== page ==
A credit card system is a type of retail transaction settlement and credit system, named after the small plastic card issued to users of the system. A credit card is different from a debit card in that it does not remove money from the users' account after every transaction. In the case of credit cards, the issuer lends money to the consumer (or the user). It is also different from a charge card (though this name is sometimes used by the public to describe credit cards), which requires the balance to be paid in full each month. In contrast, a credit card allows the consumer to 'revolve' their balance, at the cost of having interest charged. Most credit cards are the same shape and size, as specified by the ISO 7810 standard.
Features and Benefits:
It's convenient - Taxpayers can e-file or paper file early, make a payment by credit card and yet delay out-of-pocket expenses. Credit card payments can be made by phone, on-line or when e-filing. It's safe and secure - standard, commercial credit card networks are used. The IRS does not receive or store credit card numbers. Credit card options are available through service providers. There is a fee charged by credit card payment service providers. Fees are based on the amount of the payment and may vary by service provider (see below). Payment information will not be disclosed for any reason other than processing the transaction authorized by the taxpayer.
A confirmation number is provided at the end of the phone or Internet transaction. The "United States Treasury Tax Payment" is included on the credit card statement as further proof of payment. The convenience fee will be included on the statement as a "Tax Payment Convenience Fee" (or similar transaction). If enrolled in such a program, taxpayers may earn miles, points, rewards or money back from the credit card issuer.
Credit Card Convenience Fees
Taxpayers will be informed of the convenience fee amount before the payment is authorized. This fee is in addition to any charges, such as interest, that may be assessed by the credit card issuer. Taxpayers must agree to the terms and conditions of the payment including acceptance of the convenience fee before the transaction is completed. The Taxpayer Relief Act of 1997 authorizes the Treasury to accept credit card payments for federal taxes but prohibits the IRS from paying a fee or consideration to credit card companies for processing these transactions. In order to give taxpayers the option of paying taxes by credit card, IRS has entered into non-monetary contracts and agreements with credit card payment service providers. The service providers act in the capacity of merchants and are necessary intermediaries in credit card transaction processing. The service providers validate credit card numbers and expiration dates, obtain authorization from the credit card issuers and issue confirmation numbers to taxpayers at the end of the payment transaction. The service providers forward tax payment information to the IRS for posting to taxpayer accounts. The IRS does not receive or charge any fees for payments. Additionally, the IRS cannot pay or reimburse any convenience fee to taxpayers. The fee is a non-deductible personal expense; however, it is a deductible business expense.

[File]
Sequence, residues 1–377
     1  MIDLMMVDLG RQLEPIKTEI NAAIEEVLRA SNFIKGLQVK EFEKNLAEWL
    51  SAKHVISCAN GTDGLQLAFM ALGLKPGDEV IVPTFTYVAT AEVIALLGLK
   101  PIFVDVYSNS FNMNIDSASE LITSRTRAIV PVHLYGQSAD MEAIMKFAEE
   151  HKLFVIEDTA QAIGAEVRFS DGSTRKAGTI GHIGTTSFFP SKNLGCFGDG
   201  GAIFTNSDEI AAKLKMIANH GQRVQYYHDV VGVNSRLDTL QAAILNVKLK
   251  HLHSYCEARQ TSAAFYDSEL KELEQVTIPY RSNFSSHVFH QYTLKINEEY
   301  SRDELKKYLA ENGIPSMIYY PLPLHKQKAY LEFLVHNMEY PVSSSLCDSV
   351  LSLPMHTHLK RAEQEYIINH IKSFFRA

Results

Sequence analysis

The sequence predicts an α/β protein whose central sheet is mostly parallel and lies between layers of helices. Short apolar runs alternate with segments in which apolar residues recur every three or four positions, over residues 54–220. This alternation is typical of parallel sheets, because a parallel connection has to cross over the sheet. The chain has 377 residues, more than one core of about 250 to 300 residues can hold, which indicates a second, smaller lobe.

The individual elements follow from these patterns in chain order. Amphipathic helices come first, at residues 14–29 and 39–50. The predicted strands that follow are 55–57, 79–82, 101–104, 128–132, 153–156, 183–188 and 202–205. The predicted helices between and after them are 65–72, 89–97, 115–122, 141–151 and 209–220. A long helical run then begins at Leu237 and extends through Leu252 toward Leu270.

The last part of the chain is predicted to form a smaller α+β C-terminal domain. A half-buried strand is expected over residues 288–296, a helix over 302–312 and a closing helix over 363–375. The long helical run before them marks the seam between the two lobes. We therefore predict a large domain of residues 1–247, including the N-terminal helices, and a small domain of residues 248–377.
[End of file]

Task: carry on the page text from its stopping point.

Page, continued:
How to Make a Credit Card Payment
The integrated e-file and e-pay credit card option is available through a number of tax preparation software products and tax professionals. For additional information about e-filing and paying all at once (including convenience fees and accepted credit cards), taxpayers can refer to tax preparation software or a tax professional. When paying through tax preparation software, users will be prompted to enter the necessary credit card information. Pay by phone and Internet (on-line) options are available through credit card payment service providers. When paying by phone, a recorded script will prompt taxpayers through the call. When paying by Internet, taxpayers will be prompted to complete the necessary entry fields.